A photo on Facebook can tell a pretty great story. It is why traditionalists like myself are so optimistic. In short, the photo shows the exponential growth of the Extraordinary From of the liturgy from roughly 1988-2010. In 1990, there were roughly 60 masses available every Sunday throughout the country. (Probably 30 of them were in Chicago.) In 2006, there were roughly 200, a growth of roughly 8 or 9 a year. This was under the ancien regime of the Ecclesia Dei indult, when the survival of the Mass was dependent on Bishops, many of them openly hostile to the Extraordinary Form.
After 2006, the number explodes. From 2006 to 2010, there were roughly 180 such masses added every Sunday. We went from gaining 8 or 9 a year, to gaining 45. This is only counting those which have a Mass every Sunday. What do these numbers tell me?
- Traditionalists are incredibly evangelical in their work. Every Latin Mass has that one family who puts in way too many hours by themselves organizing the logistics of everything. We all can tell stories of the people who came to that Mass not having a clue, and we helped them understand it, and remind them that if they think they have a stupid question, we asked something far stupider when we were first there.
- People learned traditionalists were not the devil. This seems flippant, but it carries a lot of truth. For a long time, a lot of clerics were openly hostile to the Latin Mass, based on certain perceptions they had about traditionalists as a whole. They only associated the Latin Mass with various sects which reject this or that aspect of Church authority. The Catholic commentariat in America invested a lot of time in money in slaying the menace of the "Radtrad", doing their best to convince people that these horrid monsters were lurking around every corner, and any time a Latin Mass was organized, these demons were sure to be summoned and unleash hell upon the unity of the Church.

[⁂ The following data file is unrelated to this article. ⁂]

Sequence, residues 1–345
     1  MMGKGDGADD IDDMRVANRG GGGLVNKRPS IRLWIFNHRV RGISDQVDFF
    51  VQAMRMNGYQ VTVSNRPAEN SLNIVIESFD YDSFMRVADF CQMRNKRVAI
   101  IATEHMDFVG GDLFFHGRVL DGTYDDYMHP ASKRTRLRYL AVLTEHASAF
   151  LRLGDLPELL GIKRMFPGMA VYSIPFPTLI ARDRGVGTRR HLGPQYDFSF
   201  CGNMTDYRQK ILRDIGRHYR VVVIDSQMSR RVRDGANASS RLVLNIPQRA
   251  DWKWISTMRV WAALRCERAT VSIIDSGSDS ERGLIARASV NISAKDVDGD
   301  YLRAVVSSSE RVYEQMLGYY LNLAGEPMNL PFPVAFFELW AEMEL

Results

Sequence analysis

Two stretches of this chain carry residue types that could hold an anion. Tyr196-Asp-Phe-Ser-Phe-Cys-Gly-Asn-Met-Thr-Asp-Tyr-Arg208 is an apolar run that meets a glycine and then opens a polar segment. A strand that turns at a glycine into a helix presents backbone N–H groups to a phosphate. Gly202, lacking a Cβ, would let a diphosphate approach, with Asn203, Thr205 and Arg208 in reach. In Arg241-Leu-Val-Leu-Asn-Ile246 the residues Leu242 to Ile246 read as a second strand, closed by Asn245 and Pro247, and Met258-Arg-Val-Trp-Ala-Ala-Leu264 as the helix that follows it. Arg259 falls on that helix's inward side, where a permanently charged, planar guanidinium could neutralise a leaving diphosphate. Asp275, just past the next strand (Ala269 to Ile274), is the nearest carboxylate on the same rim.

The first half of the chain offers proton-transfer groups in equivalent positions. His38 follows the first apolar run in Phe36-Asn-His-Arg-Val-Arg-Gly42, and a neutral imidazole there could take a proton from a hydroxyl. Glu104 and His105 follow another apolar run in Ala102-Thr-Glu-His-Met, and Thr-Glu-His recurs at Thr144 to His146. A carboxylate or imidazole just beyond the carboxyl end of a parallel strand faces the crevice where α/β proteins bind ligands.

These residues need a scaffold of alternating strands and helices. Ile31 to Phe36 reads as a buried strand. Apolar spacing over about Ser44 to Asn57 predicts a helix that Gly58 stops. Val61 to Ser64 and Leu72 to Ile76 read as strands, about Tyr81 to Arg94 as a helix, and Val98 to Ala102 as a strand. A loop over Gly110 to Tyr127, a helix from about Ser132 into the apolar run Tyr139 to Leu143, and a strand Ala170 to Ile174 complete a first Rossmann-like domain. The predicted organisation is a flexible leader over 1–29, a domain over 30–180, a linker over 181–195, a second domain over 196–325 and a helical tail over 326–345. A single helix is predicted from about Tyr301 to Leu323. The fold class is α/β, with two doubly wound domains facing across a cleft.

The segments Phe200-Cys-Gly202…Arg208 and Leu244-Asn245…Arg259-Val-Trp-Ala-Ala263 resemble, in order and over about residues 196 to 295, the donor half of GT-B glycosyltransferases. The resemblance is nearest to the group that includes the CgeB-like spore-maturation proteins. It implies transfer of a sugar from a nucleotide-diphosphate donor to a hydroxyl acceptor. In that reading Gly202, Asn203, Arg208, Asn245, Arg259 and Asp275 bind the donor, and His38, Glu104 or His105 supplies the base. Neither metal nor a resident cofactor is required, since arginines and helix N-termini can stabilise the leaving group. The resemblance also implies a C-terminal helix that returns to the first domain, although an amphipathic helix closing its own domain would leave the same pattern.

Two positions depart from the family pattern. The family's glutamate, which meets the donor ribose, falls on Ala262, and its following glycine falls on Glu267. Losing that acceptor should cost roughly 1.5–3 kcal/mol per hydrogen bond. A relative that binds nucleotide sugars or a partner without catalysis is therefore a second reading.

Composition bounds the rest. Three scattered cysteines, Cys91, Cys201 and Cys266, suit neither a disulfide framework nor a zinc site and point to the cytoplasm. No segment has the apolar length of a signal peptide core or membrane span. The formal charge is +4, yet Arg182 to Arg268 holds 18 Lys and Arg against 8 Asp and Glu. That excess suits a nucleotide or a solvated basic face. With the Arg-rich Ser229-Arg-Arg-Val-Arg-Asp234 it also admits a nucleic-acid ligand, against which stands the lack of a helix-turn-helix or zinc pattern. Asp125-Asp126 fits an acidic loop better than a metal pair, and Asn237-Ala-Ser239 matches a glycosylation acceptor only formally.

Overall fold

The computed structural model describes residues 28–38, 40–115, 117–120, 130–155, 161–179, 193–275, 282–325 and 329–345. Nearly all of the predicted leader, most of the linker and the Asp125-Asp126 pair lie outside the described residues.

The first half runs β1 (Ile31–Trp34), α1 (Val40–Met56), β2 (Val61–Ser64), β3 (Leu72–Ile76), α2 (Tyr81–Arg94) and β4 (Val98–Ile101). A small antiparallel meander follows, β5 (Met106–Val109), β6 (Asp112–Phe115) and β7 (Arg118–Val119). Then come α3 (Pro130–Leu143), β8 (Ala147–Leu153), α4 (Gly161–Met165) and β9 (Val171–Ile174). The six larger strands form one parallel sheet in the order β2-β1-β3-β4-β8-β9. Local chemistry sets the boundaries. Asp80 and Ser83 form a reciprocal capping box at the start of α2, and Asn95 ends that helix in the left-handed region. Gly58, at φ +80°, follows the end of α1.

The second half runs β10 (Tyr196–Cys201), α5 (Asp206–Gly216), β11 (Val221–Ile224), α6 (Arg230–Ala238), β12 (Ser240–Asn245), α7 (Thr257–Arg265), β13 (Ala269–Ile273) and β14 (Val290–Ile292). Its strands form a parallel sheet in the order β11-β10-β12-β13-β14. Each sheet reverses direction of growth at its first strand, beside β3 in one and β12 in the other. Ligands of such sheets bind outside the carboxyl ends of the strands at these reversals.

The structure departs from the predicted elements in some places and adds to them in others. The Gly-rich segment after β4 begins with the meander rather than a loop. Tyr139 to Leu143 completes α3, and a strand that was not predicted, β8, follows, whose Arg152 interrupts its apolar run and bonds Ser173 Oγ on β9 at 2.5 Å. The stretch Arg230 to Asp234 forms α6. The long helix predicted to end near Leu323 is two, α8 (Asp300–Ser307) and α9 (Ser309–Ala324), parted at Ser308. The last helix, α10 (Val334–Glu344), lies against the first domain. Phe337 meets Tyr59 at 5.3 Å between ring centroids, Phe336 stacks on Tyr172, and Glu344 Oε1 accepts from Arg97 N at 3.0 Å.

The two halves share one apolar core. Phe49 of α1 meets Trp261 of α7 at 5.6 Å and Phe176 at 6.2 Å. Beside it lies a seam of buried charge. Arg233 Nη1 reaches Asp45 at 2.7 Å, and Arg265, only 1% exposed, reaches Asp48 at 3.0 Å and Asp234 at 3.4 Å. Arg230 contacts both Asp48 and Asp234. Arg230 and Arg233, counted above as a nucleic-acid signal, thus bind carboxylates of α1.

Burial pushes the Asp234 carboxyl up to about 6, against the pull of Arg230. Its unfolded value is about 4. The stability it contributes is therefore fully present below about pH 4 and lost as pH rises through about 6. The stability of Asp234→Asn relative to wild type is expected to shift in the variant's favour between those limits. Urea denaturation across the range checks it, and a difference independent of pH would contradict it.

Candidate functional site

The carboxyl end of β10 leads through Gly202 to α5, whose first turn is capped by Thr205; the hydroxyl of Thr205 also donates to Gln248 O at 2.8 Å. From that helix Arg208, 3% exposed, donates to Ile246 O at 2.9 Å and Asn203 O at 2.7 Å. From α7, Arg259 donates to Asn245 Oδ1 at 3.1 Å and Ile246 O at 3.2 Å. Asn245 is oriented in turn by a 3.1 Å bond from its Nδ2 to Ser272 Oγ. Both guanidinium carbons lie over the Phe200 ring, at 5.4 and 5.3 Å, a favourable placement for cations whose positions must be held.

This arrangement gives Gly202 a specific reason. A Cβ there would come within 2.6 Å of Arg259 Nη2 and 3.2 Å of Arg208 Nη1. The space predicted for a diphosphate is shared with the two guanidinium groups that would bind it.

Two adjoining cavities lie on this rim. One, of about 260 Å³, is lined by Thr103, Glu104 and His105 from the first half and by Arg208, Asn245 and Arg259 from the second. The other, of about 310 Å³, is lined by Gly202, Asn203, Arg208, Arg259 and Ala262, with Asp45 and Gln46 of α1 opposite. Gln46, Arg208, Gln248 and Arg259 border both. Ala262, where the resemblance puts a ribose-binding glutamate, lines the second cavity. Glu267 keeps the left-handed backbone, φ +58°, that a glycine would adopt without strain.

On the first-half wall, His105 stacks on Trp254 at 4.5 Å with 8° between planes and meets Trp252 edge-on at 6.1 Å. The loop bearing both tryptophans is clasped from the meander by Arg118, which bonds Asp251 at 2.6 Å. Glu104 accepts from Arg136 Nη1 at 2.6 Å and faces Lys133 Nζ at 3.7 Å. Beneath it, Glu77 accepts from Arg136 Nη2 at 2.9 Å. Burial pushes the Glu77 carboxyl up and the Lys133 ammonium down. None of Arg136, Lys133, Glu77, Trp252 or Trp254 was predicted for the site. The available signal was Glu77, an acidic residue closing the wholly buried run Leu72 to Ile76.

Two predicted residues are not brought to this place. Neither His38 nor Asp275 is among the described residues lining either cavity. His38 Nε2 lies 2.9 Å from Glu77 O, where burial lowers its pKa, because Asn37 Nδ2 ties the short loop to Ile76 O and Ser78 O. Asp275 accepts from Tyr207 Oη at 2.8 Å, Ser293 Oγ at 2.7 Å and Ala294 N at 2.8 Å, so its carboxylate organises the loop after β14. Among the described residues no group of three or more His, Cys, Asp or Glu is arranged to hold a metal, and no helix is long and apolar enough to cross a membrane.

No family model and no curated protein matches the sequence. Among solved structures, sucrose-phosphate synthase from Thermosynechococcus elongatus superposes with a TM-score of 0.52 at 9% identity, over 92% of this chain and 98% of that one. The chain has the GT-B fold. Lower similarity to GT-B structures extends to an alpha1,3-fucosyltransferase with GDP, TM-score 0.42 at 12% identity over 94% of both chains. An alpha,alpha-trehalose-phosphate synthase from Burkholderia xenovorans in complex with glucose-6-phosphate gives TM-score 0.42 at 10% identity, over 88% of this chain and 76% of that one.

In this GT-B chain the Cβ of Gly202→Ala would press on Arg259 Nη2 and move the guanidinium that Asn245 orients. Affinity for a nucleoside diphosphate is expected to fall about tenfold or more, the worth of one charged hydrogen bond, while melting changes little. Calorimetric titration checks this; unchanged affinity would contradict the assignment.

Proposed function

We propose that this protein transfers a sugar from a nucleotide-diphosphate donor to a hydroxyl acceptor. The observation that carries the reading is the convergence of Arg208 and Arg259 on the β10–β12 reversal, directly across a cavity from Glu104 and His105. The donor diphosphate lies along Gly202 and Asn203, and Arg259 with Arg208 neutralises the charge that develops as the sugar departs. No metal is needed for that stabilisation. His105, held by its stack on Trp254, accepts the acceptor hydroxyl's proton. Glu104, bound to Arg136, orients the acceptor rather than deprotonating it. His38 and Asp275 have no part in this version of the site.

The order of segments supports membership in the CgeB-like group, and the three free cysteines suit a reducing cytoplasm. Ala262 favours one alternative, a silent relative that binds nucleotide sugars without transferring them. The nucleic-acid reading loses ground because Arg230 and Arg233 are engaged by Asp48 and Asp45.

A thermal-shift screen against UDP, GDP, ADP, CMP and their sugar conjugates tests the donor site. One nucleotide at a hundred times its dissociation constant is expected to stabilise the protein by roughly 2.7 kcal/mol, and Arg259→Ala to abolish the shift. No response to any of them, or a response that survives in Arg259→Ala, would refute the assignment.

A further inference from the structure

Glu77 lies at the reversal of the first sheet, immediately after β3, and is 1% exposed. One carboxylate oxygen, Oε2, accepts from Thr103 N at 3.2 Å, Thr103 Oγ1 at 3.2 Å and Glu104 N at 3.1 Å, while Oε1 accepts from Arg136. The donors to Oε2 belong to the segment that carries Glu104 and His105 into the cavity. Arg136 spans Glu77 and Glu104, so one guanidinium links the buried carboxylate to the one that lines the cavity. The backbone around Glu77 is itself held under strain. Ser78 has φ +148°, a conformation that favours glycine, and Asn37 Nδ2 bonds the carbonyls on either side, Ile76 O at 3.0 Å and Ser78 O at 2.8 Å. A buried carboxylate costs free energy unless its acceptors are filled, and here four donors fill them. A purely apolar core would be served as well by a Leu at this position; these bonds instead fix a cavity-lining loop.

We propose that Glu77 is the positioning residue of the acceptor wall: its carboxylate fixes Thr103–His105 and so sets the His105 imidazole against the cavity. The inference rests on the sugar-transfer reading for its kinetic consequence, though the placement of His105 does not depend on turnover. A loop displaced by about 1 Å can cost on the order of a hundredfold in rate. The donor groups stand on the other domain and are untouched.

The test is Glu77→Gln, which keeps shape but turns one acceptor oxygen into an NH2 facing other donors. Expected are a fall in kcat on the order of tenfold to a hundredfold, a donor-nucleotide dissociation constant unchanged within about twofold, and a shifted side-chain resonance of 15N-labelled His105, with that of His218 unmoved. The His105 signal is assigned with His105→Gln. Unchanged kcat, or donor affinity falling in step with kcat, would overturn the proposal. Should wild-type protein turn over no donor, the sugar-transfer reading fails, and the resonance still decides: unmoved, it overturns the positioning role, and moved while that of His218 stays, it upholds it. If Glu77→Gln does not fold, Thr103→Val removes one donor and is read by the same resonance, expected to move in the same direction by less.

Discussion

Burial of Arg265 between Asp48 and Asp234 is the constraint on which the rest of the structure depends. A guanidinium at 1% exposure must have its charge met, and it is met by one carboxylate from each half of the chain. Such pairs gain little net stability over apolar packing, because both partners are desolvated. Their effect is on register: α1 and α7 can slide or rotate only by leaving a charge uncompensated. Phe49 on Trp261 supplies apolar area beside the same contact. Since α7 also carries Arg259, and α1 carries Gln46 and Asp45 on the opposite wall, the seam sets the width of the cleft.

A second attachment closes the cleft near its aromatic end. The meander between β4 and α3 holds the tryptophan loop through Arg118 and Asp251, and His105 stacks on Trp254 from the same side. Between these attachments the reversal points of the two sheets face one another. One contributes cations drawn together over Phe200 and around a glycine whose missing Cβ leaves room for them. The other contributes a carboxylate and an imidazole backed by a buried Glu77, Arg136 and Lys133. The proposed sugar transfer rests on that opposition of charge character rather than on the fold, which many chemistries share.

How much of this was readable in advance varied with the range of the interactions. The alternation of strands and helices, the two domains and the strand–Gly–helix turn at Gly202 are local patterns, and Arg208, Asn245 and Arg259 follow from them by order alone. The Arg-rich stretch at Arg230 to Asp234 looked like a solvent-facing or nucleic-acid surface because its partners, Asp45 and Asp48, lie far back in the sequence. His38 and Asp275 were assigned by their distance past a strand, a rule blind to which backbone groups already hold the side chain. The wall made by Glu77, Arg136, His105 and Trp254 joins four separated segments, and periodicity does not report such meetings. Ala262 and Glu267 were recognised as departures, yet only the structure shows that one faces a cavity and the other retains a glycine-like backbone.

Instead, you typically found devout Catholics faithful to the Church with tons of babies who wanted to do everything they could to make sure not only the Latin Mass succeeded, but the parish which hosted that Mass as well. Once we were welcomed in, we made our presence known, and a lot of people liked that presence. Once they realized we weren't as bad as all the powers that be had told them we were, they were a lot more willing to see us set up shop.
- We are still branching outward at a slow but steady pace. A lot of these Latin Masses I would wager are tightly congested but slowly spreading. You originally have that small devout core which expands as more people become attached to the Extraordinary Form, and they begin to form their own cores in other parishes. Even when one mass stops, these people aren't deprived of what Pope Benedict XVI said was theirs by rights as a Catholic.
- We still have a lot of work to do. In many areas, the Latin Mass is still a dream, something people hear vague whispering about but little more. I think in the end time is on the side of traditionalists, at least for awhile. We used to always joke about how we would outbreed the liberals and the enemies of the Extraordinary Form. You are starting to see the beginnings of that. Today's youth are a lot more hospitable towards the EF than our parents were. In many parishes, traditionalism is substantially a youth movement. All those youths are starting to have children of their own. Combine these with those who are not necessarily traditionalists but certainly our allies (who also breed at pretty high rates), and you are beginning to see a change. You won't ever see all the Bishops suddenly become lovers of the Extraordinary Form. Yet you will see the harsh attitudes begin to melt away.
This is why I am still not that worried about certain events that happen here or there which some think spells trouble for our future. If we have any trust that our work comes from God, and are willing to look at the numbers, we should be optimistic. We have a ton of work to do, and a ton of hard battles to fight, but no more are we just an obscure sect fighting for the right to exist in the Catholic Church.